Part I: How Life Sciences Firms Can Harness The Value of the Cloud
In the first part of this blog, we’ll examine the advantages life sciences companies can enjoy by better understanding and leveraging the value of the cloud.
Advantages of the Cloud for Life Science Companies
Cloud computing and virtualization is an evolving paradigm that is transforming the way we do business. The economy of scale the cloud provides reduces costs and increases operational efficiencies that reap major benefits. This operational shift can be intimidating for Life Science companies; however, there are significant advantages for moving to the cloud.
Some examples include:
- Maintains compliance across multiple applications more efficiently
- Scales up and down with ease
- Provides a platform for collaboration and resource pooling
- Unifies your infrastructure for end users
- Increases the control, availability and flexibility of your data center
- Reduces computing maintenance costs and, depending on the model, can reduce hardware costs
While these advantages are enticing, it’s critical that Life Science companies understand some common misconceptions of the cloud before adopting it as a new technology strategy.
A word of advice: The challenges of implementing cloud computing for life science companies have been highlighted by recent publications from IEEE, CIO Magazine and others by observing the absence of accepted standards for the cloud. Before delving into cloud computing for your Life Science company, be certain you have the proper skills on hand to help you. Missteps and short cuts in the path to regulatory compliance typically create additional and unnecessary expenses down the road.
Misconception #1: All Cloud Environments are the Same
According to the National Institute of Standards and Technology (NIST), there are actually four types of clouds, and each is intended for different uses.
Private: This infrastructure is for exclusive use by a single organization. It is only used by its owners, making it the most secure environment. It may be owned, managed, and operated by the hosting organization, a third party, or a combination of them, and it may exist on or off premises.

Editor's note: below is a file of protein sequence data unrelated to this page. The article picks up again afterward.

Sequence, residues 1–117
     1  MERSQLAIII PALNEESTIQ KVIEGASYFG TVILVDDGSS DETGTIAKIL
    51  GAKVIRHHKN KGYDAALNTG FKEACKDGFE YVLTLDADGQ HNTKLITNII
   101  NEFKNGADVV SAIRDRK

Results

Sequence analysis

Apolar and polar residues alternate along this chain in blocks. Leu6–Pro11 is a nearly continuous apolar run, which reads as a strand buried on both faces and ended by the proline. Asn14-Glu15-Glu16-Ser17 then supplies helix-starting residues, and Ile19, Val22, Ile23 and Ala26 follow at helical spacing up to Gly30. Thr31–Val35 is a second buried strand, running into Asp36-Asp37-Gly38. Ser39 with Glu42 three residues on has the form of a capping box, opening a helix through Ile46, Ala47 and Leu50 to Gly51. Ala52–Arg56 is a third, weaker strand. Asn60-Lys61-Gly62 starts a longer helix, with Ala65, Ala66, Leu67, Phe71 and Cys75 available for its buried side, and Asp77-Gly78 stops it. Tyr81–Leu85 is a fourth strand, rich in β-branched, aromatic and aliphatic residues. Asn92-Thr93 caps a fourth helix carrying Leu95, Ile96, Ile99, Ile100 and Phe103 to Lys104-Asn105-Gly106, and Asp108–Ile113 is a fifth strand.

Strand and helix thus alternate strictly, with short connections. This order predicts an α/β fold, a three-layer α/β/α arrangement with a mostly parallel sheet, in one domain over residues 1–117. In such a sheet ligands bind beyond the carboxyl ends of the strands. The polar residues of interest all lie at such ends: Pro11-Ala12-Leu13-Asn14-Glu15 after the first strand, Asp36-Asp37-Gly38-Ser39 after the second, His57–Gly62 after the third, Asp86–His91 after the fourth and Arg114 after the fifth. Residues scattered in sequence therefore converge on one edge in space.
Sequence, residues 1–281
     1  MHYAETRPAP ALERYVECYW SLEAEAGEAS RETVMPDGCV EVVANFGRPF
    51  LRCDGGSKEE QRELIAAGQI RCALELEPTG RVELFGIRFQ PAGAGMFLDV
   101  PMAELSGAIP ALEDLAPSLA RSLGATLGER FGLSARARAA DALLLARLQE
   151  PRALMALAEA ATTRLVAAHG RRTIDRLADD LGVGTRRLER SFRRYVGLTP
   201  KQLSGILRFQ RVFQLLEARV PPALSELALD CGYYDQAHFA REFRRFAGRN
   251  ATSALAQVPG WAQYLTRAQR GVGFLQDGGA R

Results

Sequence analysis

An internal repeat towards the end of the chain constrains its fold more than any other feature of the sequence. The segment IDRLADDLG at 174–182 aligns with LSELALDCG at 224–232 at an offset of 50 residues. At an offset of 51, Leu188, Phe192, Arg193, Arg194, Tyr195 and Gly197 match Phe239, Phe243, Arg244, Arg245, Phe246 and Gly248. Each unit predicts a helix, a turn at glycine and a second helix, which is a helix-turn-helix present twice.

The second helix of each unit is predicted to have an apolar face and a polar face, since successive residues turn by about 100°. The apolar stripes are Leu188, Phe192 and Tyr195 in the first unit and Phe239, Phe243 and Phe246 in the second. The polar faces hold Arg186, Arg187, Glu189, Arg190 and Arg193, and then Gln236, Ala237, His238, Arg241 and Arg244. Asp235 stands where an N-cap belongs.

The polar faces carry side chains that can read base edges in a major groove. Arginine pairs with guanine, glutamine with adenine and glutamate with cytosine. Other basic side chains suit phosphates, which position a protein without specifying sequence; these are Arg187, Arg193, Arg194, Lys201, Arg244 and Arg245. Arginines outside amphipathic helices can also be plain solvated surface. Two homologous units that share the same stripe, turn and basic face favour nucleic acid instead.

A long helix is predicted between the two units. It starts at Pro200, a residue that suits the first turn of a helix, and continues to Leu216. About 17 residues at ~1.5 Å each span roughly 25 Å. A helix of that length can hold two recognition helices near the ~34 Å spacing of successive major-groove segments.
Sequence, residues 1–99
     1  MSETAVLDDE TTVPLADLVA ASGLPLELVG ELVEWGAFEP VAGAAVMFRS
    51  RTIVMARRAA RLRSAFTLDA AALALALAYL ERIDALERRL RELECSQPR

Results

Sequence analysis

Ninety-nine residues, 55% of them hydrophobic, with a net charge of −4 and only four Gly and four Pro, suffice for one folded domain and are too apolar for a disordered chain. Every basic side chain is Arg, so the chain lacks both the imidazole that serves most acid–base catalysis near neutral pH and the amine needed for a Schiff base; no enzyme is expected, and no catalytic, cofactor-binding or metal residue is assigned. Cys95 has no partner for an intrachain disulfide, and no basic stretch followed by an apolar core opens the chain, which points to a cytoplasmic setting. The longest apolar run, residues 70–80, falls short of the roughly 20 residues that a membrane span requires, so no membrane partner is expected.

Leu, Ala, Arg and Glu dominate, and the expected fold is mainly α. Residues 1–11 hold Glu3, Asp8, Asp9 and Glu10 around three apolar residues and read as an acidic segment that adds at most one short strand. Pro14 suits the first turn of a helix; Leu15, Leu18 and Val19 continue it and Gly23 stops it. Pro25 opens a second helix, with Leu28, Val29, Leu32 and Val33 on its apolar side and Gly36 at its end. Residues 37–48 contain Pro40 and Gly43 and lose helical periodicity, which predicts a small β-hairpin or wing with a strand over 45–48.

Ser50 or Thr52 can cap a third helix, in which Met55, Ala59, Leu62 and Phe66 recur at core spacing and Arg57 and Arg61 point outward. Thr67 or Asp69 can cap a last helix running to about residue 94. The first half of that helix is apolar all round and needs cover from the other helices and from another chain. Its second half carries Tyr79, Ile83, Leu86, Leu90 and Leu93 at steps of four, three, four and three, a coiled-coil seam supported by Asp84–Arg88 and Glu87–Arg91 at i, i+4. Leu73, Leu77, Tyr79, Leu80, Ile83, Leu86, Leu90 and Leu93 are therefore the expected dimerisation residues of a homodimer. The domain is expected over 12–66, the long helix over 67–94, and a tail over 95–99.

Community: This system is for exclusive use by a specific community of users from organizations that have shared concerns (e.g., mission, security requirements, policy, and compliance considerations). It may be owned, managed, and operated by one or more of the organizations in the community, a third party, or a combination of them, and it may exist on or off premises.
Public or Vendor: This infrastructure is for open use by the general public. They are shared among multiple subscribers. It may be owned, managed, and operated by a business, academic, or government organization, or some combination of them. It exists on the premises of the cloud provider. Because of the nature of public clouds, this architecture may present security, privacy and auditing issues.
Hybrid: This cloud type is a composition of two or more distinct infrastructures (private, community, or public) that remain unique entities, but are connected by standardized or proprietary technology that enables data and application portability (e.g., cloud bursting for load balancing between clouds). Hybrids can be used in the Life Sciences when a combination of regulated and non-regulated information is shared.
As a general rule, a private cloud can be effectively adapted to satisfy the stringent compliance needs of a Life Science company.
Misconception #2: Private Virtual Cloud Configurations are Proprietary to the Data Center